This study was funded by the AP-HP Foundation and its donators though the program “Alliance Tous Unis Contre le Virus”, by the Clinical Research and Development Department, by the French Ministry of Health and by the foundation of the University hospitals of Geneva, Geneva, Switzerland. The Reseau European de recherche en Ventilation Artificielle (REVA) network received a 75,000 € research grant from Air Liquide Healthcare.

Sponsor The sponsor was Assistance Publique Hôpitaux de Paris (AP-HP). Role of the funder The funder had no role in the design and conduct of the study, collection, management, analysis and interpretation of the data; preparation, review or approval of the manuscript; and decision to submit the manuscript for publication.

Author information

Authors and Affiliations

Author notes

  1. COVID-ICU Investigators are listed at the end of the manuscript

    Authors

    Consortia

    Contributions

    CLT and NT had full access to all of the data in the study and takes responsibility for the integrity of the data and the accuracy of the data analysis. Concept and design: CLT, SP and NT. Methodology: , CLT, NT, SL, DH. Acquisition, analysis, or interpretation of data: CLT, FS, LD, SL, DH, JP, CG, NT. Drafting of the manuscript: CLT, LD, SP, NT Critical revision of the manuscript for important intellectual content: JP, CG, DH, NT. Statistical analysis: SL, DH. Supervision: JP, NT. Obtained funding: CLT, JP. Administrative, technical, or material support: CLT, NT. All authors interpreted the data and critically revised the manuscript for important intellectual content and gave approval for the final version to be published. All authors agree to be accountable for all aspects of the work in ensuring that questions related to the accuracy or integrity of any part of the work are appropriately investigated and resolved. The manuscript’s guarantors (CLT and NT) affirm that the manuscript is an honest, accurate, and transparent account of the study being reported; that no important aspects of the study have been omitted; and that any discrepancies from the study as planned have been explained. All authors read and approved the final manuscript.

    Corresponding author

    Correspondence to Nicolas Terzi.

    Ethics declarations

    Ethics approval and consent to participate

    All patients or close relatives were informed that their data were included in the COVID-ICU cohort. Human research ethics committee approval for the study were the ethical committee of Geneva (BASEC #: 2020-00704), the ethical committee of the French Intensive Care Society (CE-SRLF 20-23) and the ethical committee of Belgium (2020-294) following our local regulations.

    Consent for publication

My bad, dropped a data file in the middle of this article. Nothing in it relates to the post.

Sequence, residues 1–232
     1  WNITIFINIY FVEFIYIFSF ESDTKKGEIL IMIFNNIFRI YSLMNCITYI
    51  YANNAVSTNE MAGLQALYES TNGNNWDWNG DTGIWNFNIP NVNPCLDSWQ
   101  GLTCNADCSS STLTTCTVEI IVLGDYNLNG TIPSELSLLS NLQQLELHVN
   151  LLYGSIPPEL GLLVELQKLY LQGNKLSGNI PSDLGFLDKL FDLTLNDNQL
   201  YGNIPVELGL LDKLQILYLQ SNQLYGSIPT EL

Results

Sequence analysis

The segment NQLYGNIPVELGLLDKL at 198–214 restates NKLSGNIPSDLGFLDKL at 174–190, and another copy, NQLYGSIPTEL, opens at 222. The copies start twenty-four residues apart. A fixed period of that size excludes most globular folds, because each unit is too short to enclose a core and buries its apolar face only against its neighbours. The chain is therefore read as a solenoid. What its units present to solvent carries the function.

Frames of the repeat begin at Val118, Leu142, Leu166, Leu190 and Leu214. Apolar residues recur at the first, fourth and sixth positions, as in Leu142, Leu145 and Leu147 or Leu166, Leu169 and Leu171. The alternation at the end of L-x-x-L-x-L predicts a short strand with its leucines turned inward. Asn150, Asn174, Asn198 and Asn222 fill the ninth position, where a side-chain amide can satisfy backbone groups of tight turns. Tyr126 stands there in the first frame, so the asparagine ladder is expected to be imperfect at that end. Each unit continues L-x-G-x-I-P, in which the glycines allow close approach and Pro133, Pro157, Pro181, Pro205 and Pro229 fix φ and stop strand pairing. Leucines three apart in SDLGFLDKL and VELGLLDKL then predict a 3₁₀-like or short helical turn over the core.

All patients or close relatives were informed that their data might be published.

    Competing interests

    All authors declare no competing interests.

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    Additional file 1.

    Additional information about the baseline characteristics and the statistical analysis (file format in .docx). Additional Tables and Figures. Table S1. Distribution of patients per region included in this study according to their prone position status at Day-1. Table S2. Descriptive analysis of baseline population included in propensity score analysis and complete case population. Table S3. Descriptive analysis of baseline characteristics before and after weighted-propensity score analysis. Fig. S1. Adjustment quality before and after propensity score analysis. Table S4. Descriptive subgroup analysis of baseline population with PaO2/FiO2 ratio < 150 mmHg at Day-1 included in propensity score analysis and complete case population. Table S5. Descriptive subgroup analysis of baseline population characteristics with PaO2/FiO2 ratio < 150 mmHg at Day-1 before and after weighted-propensity score analysis. Fig. S2. Adjustment quality before and after propensity score analysis in the subgroup of patients with PaO2/FiO2 ratio < 150 mmHg at Day-1. Fig. S3. a Kaplan–Meier curves according to prone status in ICU at Day-1 before weighting adjustment in complete case subgroup population with PaO2/FiO2 ratio < 150 mmHg. b Kaplan–Meier curves according to prone status in ICU at Day-1 after weighting adjustment in complete case subgroup population with PaO2/FiO2 < 150 mmHg. Fig. S4. a Forest plot: Hazard Ratio according to prone status in ICU at Day-1 before and after weighting in complete case subgroup population with PaO2/FiO2 ratio < 150 mmHg. b Hazard Ratio according to prone status in ICU at Day-1 before and after weighting in baseline subgroup population with PaO2/FiO2 ratio < 150 mmHg. Table S6. Descriptive subgroup analysis of baseline population with PaO2/FiO2 ratio > 150 mmHg included in propensity score analysis and complete case population. Table S7. Descriptive subgroup analysis of baseline population characteristics with PaO2/FiO2 ratio > 150 mmHg at Day-1 before and after weighted-propensity score analysis. Fig. S5. Adjustment quality before and after propensity score analysis in the subgroup of patients with PaO2/FiO2 ratio > 150 mmHg at Day-1. Fig. S6. a Kaplan–Meier curves according to prone status in ICU at Day-1 before weighting adjustment in complete case subgroup population with PaO2/FiO2 ratio > 150 mmHg. b Kaplan–Meier curves according to prone status in ICU at Day-1 after weighting adjustment in complete case subgroup population with PaO2/FiO2 ratio > 150 mmHg. Fig. S7. a Forest plot: Hazard Ratio according to prone status in ICU at Day-1 before and after weighting in complete case subgroup population with PaO2/FiO2 ratio > 150 mmHg. b Hazard Ratio according to prone status in ICU at Day-1 before and after weighting in baseline subgroup population with PaO2/FiO2 ratio > 150 mmHg.

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    Le Terrier, C., Sigaud, F., Lebbah, S. et al. Early prone positioning in acute respiratory distress syndrome related to COVID-19: a propensity score analysis from the multicentric cohort COVID-ICU network—the ProneCOVID study. Crit Care 26, 71 (2022). https://doi.org/10.1186/s13054-022-03949-7

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    Keywords

    • Acute respiratory distress syndrome
    • Intubation
    • COVID-19
    • Mortality
    • Prone position
    • Intensive care unit